Advantages include being able to create a cafe/performance space specifically for events. Every month, RO Theatre stages one of its plays here - Mothers, about the new generations of Rotterdammers being born today; and Homesick, about the life and longings of the newly arrived. The museum is also intensifying community engagement and feedback through a series of dinners and gatherings. Says van Dijk: 'We are looking to engage groups in Rotterdam who have their own vision about Rotterdam identity - hairdressers or taxi drivers or lawyers. We are organising meetings with these people and talking about the objects in the exhibition.'
The theatre/cafe flooring is a vinyl inspired by juice carton packaging from all over the world - in a tribute to Rotterdam's role as Europe's biggest port, as well as its migrant communities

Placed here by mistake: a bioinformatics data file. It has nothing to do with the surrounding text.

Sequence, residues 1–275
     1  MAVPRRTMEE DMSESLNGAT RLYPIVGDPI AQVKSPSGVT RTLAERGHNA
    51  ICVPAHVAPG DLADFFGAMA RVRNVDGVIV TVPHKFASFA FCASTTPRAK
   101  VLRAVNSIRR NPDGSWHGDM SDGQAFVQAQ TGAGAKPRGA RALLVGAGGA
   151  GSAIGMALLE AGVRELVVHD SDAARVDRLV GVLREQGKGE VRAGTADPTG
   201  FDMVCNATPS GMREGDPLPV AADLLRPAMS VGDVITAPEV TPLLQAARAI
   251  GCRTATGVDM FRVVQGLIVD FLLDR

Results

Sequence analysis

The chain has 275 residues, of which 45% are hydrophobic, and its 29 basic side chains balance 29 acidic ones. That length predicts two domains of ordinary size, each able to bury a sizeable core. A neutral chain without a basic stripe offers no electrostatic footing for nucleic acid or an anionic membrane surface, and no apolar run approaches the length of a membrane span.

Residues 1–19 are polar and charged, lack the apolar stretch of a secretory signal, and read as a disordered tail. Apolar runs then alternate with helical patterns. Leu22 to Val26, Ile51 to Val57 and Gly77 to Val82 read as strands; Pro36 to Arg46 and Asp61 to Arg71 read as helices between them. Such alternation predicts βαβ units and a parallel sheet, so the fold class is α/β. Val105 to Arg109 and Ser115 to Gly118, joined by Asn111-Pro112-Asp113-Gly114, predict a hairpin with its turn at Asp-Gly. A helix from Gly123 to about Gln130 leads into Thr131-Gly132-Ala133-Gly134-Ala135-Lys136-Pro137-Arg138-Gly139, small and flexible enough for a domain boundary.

Feedback from staff at the exhibition indicates that a very different audience is indeed being attracted, with one of the most popular features being an array of black and yellow guest lockers, each one featuring a different photograph and short biography of women who helped to make Rotterdam what it is today - drawn from a popular book recently published on the 1,001 women who played a role in Dutch history.
Echte Rotterdammers runs until 16 March, though this site will host another of the museum's exhibitions in October, the topic of which is still under wraps. All van Dijk will say is: 'Next time I want to make it more interactive so that people can co-create with us.' That should be one worth sticking in the diary.
Words by Veronica Simpson